‘It helps me understand how I should do things, not just what I need to do.’
‘We discuss how emotions are affecting my decision-making’
‘I’m prompted to think about theory and research in relation to my work.’
How often are the above statements true of your supervision? Or are you just grateful if you have something resembling a regular session?
Most research into social work supervision has focused on how often practitioners have such meetings. And that’s clearly important when surveys and anecdotal accounts indicate some social workers don’t get regular supervision at all.
But as David Wilkins writes, there is a surprisingly small evidence base for how or indeed whether supervision supports good practice. That’s why Wilkins is engaged in a number of research projects into supervision and its impact. As part of this, in conjunction with Community Care, he is surveying social workers to find out what their supervision provides them with and the kind of discussions that take place in meeting rooms across the country.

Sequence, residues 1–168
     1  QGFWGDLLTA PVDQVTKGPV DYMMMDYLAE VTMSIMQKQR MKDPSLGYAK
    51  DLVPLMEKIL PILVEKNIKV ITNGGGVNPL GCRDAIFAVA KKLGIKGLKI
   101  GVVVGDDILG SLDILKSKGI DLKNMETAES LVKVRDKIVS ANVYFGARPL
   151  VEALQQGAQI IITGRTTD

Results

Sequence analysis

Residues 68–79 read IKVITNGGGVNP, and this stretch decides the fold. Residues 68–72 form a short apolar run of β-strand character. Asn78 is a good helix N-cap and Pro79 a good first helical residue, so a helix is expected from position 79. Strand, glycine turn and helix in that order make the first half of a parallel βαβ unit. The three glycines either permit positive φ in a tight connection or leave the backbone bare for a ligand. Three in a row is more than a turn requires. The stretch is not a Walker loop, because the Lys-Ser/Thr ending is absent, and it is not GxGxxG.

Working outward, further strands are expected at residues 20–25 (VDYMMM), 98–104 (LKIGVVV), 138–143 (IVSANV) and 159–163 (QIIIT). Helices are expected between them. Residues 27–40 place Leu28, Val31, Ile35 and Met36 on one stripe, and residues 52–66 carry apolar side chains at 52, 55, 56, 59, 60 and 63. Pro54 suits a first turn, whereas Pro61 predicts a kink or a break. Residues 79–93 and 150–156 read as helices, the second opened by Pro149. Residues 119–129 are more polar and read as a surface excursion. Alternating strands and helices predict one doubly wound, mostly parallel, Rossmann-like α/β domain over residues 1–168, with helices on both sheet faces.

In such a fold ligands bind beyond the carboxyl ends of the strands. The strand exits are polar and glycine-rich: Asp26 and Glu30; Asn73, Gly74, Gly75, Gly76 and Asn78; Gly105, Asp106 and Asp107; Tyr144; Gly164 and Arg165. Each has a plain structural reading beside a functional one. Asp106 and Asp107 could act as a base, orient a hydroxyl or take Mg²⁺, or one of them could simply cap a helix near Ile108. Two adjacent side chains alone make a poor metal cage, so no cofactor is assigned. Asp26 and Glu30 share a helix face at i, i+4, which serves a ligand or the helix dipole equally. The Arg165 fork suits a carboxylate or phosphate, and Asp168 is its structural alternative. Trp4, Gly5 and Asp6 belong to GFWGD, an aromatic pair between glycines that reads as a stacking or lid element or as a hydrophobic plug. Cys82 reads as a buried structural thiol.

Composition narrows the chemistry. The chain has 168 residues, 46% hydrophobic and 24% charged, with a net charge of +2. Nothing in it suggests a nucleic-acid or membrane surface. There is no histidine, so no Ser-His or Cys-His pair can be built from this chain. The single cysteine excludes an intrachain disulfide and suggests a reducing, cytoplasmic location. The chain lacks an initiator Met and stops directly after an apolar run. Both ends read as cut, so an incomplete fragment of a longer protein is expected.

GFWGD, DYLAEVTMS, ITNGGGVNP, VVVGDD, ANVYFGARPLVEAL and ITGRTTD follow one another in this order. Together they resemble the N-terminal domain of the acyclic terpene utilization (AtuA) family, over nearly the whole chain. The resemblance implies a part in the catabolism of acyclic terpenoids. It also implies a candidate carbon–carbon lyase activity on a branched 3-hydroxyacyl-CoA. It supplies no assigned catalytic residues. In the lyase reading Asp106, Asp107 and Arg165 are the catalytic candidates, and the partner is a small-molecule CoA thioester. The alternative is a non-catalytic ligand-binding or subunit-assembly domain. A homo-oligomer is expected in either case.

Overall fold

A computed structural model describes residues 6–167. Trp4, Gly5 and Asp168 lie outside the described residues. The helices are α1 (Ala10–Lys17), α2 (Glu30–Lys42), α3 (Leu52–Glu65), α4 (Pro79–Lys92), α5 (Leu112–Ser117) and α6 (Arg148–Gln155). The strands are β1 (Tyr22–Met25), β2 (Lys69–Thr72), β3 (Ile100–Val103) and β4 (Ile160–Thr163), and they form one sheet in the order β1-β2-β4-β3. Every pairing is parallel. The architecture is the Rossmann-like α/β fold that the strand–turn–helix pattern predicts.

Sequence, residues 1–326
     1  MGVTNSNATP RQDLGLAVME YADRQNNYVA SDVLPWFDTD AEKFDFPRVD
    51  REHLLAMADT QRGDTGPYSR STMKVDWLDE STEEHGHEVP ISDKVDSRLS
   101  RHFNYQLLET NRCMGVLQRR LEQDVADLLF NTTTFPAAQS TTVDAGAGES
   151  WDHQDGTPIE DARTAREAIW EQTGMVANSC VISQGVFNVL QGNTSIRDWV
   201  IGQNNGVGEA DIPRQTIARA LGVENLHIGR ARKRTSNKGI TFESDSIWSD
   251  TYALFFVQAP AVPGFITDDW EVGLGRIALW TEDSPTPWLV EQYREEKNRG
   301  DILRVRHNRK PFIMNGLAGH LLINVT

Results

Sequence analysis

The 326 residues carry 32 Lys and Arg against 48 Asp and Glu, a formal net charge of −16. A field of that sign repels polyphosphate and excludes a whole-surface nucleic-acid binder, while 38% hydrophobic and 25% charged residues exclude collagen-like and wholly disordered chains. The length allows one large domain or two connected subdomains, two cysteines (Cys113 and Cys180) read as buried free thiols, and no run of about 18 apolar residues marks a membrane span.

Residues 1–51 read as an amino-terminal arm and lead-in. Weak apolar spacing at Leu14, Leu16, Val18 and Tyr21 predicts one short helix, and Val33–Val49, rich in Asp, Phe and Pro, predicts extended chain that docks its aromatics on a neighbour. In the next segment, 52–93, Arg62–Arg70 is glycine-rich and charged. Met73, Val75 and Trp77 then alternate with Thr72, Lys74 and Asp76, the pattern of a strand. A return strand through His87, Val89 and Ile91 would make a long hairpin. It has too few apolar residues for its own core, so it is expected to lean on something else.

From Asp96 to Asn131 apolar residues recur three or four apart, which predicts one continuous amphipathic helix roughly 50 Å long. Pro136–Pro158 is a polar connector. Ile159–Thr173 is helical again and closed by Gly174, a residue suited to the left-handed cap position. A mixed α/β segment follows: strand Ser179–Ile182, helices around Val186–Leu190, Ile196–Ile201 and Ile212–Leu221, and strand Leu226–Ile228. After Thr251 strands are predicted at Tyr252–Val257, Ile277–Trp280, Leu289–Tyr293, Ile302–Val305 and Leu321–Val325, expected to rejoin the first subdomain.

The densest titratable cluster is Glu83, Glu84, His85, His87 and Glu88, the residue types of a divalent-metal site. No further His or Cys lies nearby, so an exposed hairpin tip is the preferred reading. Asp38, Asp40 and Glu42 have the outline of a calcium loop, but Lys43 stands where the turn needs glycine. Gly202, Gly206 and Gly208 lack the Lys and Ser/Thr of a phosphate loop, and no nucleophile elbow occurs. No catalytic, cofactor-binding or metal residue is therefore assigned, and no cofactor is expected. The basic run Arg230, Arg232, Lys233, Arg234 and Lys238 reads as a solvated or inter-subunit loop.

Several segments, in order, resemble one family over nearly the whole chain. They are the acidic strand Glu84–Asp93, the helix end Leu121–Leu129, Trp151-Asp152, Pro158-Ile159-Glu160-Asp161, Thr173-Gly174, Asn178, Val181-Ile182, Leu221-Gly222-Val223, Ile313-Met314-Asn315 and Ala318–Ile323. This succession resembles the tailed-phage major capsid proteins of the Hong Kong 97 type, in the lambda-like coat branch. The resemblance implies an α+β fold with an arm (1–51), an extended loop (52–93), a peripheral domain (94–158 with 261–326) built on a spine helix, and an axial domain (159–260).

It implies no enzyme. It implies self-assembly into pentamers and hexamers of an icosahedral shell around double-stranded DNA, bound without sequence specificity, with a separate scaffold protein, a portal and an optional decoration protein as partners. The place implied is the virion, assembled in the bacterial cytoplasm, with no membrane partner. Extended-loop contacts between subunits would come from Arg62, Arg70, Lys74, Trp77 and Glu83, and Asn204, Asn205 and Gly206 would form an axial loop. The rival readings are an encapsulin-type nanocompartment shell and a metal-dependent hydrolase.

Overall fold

You can take part and help improve understanding of what actually happens in supervision and what makes it effective. Share your experience in the brief survey which asks you to consider statements like the ones at the start of the article in relation to your own supervision. It’s completely anonymous and there are no personal questions. The questionnaire takes around eight minutes to complete.
This research is being carried out by Dr David Wilkins (University of Bedfordshire). If you have any questions, you can contact David directly: firstname.lastname@example.org or @david82wilkins. The findings from this survey will be shared via Community Care and in other ways in due course.
David’s research is focused on children and family social workers. Community Care is also interested in the supervision experiences of social workers practising with adults. You can complete our survey here, or get in touch by email.